tv BBC World News America PBS March 3, 2016 3:59pm-4:29pm PST
♪ >> this is "bbc world news america." >> funding of this presentation is made possible by the freeman foundation, newman's own foundation, giving all profits from newman's own to charity and pursuing the common good, kovler foundation, pursuing solutions for america's neglected needs, and hong kong tourism board. >> want to know hong kong's most romantic spots? i will show you. i love heading to repulse bay for an evening stroll. it's a perfect, stunning backdrop for making romantic moments unforgettable.
i have lived in the city for years, but hong kong still makes me fall in love with it time and again. >> and now, bbc world news america. you will katty: this is bbc world news america, reporting from washington. the u.s. presidential campaign gets even odd or. mitt romney rips into donald trump. >> donald trump is a phony, a fraud. his promises are as worthless as a degree from trump university. >> this is a failed candidate, he failed. he failed horribly. katty: a truce in syria, but after years of war we are there where many are asking how long will it last. and move over, oscars. the drone film festival is in town. this weekend it is in new york
with the best shots from above. welcome to world news america. they call politics a contact sport. today in america it felt more like hand-to-hand combat. first, mitt romney, the republican presidential pick in 2012, went right after donald trump, calling him a phony, "he doesn't have the temperament to be president." then trump shot back, calling him a failed candidate who choked on his own campaign. edifying it was not. our north american editor followed at all. >> four years ago he was the republican candidate for president. today mitt romney was doing his best to destroy donald trump's bid for the same office. , allwas a full frontal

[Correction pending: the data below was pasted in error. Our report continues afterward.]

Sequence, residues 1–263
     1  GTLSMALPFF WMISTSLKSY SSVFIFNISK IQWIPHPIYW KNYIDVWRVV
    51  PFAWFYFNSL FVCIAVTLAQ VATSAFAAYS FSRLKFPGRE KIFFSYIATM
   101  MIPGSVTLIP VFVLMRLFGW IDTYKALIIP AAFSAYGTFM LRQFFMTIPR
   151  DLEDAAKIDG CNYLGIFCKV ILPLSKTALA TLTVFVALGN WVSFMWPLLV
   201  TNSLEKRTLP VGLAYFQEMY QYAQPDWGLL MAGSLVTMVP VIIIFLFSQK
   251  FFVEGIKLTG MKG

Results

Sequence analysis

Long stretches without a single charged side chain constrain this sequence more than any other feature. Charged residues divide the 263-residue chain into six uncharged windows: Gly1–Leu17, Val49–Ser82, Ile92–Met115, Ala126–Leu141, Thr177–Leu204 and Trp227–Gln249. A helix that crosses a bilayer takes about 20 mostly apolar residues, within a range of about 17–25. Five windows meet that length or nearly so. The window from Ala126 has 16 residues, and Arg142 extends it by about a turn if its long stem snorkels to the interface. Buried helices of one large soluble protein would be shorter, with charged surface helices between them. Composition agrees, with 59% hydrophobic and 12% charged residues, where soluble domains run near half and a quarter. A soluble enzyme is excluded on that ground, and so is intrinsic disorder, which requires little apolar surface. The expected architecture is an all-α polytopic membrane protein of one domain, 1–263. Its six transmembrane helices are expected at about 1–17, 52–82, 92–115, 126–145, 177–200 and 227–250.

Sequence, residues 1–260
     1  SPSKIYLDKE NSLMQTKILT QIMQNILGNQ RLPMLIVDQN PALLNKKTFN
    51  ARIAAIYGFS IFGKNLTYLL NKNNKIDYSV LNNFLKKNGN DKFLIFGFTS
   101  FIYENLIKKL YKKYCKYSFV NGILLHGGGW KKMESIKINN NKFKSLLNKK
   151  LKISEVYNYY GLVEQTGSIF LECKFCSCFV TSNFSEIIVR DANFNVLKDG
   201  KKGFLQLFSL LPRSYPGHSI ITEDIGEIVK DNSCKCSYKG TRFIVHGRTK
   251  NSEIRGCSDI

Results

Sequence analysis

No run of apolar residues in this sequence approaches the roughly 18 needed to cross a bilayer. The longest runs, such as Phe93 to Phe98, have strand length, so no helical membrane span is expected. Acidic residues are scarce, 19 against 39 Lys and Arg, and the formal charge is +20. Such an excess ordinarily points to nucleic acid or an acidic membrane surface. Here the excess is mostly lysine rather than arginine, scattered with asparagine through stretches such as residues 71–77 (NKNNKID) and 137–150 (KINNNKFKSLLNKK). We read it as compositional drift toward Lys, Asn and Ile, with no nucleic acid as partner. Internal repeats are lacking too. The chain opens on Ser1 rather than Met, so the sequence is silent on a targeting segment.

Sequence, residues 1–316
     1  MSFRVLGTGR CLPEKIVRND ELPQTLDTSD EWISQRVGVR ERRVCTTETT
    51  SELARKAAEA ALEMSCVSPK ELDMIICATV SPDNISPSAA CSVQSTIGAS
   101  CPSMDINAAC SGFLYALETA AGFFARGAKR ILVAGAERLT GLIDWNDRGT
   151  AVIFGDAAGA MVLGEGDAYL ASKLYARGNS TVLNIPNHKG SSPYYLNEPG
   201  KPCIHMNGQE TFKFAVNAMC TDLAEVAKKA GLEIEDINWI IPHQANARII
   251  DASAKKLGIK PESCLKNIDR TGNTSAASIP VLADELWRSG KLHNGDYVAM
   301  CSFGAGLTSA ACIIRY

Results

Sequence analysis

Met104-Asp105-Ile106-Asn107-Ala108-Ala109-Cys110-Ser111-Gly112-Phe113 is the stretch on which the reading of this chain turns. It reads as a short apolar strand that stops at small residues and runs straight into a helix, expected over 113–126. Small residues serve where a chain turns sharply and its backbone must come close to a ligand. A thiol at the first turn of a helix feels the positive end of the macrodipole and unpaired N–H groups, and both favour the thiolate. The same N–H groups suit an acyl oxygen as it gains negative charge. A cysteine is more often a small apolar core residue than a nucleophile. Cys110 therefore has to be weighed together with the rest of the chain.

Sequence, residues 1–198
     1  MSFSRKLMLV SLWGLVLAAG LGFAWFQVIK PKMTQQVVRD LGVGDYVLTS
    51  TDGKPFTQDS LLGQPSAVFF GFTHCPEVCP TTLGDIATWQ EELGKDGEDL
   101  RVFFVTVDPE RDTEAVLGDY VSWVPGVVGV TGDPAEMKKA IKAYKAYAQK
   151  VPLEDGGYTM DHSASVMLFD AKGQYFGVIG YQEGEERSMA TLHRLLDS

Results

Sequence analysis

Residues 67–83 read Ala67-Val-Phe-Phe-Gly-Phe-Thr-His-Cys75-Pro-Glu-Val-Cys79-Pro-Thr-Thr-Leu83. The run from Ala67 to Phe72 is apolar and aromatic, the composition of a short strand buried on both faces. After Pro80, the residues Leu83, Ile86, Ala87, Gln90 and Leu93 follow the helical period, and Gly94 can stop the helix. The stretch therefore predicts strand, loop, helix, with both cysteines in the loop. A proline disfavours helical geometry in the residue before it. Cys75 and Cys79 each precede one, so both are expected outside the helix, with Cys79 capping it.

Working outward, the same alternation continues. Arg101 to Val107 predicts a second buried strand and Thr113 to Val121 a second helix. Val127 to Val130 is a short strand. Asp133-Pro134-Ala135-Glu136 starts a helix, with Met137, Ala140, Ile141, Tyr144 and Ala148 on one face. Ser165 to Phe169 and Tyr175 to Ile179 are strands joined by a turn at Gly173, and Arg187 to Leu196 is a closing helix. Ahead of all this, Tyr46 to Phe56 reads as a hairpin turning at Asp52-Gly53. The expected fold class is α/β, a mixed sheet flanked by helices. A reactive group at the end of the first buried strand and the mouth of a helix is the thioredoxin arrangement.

guns blazing, no holds barred assault. >> donald trump is a phony, a fraud. his promises are as worthless as a degree from trump university. he's playing the members of the american public for suckers. he gets a free ride to the white house and all we get is a lousy hat. think of donald trump's personal qualities. the bullying, the greed, the showing off, the misogyny, the absurd, third grade theatrics. but it wasn't always like that. back in 2012, mitt romney was happy to accept donald trump endorsement and he was happy to give it. >> he is tough, sharp, smart. he's not going to allow bad things to continue to happen to this country that we all love. reporter: it's hard to believe
mr. trump and mr. romney will be exchanging christmas cards. backed him. you can see how loyal he is. he was begging for my endorsement. he was begging. these tv ads are not from the democratic party. they have been paid for by conservatives. they're running extensively in ohio in florida. this is seen as the last chance to stop donald trump's relentless march to the nomination. katty: remember were talking about the election for the world 's economy and the world's biggest military. i spoke with a republican strategist a short time ago. this is the election for the